Reynolds got hooked by the notion that Jordan’s power ring can conjure anything he dreams up. ”Imagination and will are his superpowers,” Reynolds says. ”We need a circus of Timothy Learys to think of things Hal would invent with his ring.” The actor already had experience in the superhero realm, having played the acerbic Deadpool in X-Men Origins: Wolverine and flirted with playing the Flash. Though a Deadpool spin-off is in development, Reynolds foresees no problem juggling two superhero characters — even ones from rivals Marvel and DC. ”Green Lantern is a totally different bag of tricks,” he says. ”I wouldn’t think twice about playing a cop in one movie and an FBI agent in another one.” With Reynolds’ wife, Scarlett Johansson, playing Black Widow in the Iron Man franchise, he says, ”We have a lot of comic books lying around the house — more than the average young married couple.”
Of course, any superhero movie worth its salt needs a good baddie. In a counterintuitive piece of casting, Peter Sarsgaard, best known for his work in art-house films like Kinsey and An Education, was brought in to play Hector Hammond, a xenobiology professor who is infected by an evil alien presence, giving him powers of telepathy and telekinesis and causing his head to grow abnormally large. ”In generic terms, I never would want to play a bad guy in a comic-book movie, but strangely, I’m attracted to this guy,” says Sarsgaard. ”I assume they cast me because I have a very large head. I wear a size 61 hat sometimes. It was either me or Philip Seymour Hoffman.”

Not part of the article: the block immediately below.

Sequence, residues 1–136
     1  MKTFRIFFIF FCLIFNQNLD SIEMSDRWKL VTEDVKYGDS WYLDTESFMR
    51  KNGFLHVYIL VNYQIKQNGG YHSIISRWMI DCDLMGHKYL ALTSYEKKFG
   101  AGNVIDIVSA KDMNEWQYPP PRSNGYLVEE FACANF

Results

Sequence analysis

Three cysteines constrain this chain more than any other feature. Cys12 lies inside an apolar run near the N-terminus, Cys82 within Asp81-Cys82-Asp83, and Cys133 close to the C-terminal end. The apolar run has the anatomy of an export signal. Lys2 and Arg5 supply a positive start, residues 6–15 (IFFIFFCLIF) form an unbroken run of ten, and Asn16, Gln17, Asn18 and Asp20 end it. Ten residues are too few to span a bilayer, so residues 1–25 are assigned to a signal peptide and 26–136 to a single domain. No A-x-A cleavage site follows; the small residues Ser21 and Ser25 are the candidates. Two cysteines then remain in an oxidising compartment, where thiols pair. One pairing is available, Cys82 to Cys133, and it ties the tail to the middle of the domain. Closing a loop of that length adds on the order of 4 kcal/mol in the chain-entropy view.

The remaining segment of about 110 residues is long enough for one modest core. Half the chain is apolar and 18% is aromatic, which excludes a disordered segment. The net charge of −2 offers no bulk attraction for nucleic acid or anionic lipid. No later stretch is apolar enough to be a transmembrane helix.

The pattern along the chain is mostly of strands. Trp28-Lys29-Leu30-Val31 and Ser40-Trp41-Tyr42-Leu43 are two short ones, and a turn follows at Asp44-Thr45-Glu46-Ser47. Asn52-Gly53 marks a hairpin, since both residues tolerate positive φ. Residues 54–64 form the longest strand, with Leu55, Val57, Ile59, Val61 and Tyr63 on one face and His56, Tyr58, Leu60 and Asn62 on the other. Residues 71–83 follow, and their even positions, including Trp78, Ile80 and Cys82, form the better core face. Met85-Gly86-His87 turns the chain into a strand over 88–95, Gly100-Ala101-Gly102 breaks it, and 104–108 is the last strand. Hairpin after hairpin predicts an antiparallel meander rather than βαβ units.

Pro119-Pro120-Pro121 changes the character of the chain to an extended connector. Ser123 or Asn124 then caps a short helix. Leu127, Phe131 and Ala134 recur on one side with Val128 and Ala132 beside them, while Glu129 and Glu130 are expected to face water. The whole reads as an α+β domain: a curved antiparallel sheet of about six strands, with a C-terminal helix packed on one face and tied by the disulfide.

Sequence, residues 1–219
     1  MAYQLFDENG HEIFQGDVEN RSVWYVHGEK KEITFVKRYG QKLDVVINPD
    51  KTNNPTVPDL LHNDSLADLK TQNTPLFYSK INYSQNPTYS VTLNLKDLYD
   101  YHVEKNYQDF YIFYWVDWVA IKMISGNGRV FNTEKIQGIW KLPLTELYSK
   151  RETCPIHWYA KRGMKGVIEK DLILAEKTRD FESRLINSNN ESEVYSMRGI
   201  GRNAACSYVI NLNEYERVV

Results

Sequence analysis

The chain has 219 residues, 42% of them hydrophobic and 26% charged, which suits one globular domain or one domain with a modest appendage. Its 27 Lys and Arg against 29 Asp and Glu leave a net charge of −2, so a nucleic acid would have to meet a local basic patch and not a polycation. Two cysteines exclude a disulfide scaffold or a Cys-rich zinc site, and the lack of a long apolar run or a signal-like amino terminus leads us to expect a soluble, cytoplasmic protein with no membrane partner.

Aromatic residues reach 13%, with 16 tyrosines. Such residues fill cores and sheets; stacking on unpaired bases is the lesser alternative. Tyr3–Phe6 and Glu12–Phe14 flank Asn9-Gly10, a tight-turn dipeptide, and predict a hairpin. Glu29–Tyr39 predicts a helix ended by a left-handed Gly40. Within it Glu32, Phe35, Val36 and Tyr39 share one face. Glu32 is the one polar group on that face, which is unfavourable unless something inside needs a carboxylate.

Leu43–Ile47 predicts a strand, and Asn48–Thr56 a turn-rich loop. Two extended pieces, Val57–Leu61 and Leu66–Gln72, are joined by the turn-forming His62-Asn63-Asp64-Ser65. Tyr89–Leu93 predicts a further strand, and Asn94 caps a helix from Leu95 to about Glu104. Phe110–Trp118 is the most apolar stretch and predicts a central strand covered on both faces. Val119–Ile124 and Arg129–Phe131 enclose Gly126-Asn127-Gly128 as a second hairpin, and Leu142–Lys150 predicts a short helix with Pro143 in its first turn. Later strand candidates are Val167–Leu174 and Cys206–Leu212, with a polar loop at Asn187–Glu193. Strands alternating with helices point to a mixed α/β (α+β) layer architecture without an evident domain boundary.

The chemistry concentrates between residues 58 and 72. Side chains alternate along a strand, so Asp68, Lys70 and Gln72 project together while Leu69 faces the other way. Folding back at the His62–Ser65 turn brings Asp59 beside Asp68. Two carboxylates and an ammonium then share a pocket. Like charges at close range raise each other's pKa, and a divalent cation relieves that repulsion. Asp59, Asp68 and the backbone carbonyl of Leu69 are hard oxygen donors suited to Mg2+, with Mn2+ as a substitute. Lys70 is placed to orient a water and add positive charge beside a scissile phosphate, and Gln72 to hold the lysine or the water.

Rounding out the leads, Gossip Girl star Blake Lively plays Carol Ferris, a hard-charging aerospace executive and romantic interest for Jordan who, in the comics, eventually becomes the supervillain Star Sapphire. ”So often in a superhero movie, the woman is the prize or the damsel in distress,” says Lively. ”But Carol is so strong: She’s the boss of the company Hal works at, she’s a fighter pilot herself, she saves Hal a few times. That push and pull creates an interesting tension.”
As Reynolds waits to shoot his next scene, which sets up an action sequence in which Green Lantern saves a crowd of partygoers from a plummeting helicopter, he reflects on the burden of carrying a superhero movie on his shoulders: ”The pressure is all on me. I try not to think too much about that.” He muses about the merchandising blitz that this summer tentpole movie will eventually unleash, a bonanza of green-hued products, each with his face plastered on it. ”There’ll be the Green Lantern hubcaps,” he says drily. ”The Green Lantern terry-cloth onesie. The Green Lantern prostate check.”
For his part, there’s just one souvenir he wants when it’s all over. ”I’m definitely leaving with a ring,” he says. He pauses. ”And maybe an ulcer.”
Who is Green Lantern?
Our hero first joined DC Comics’ stable in 1940, but was reimagined in the ’50s as a brash test pilot named Hal Jordan, who is haunted by the death of his father. Hal receives a power ring from a crash-landed alien. He’s then transported to the planet Oa, the ultimate source of the ring’s green energy, where he’s inducted into the intergalactic Green Lantern Corps and learns how to harness the ring’s incredible power.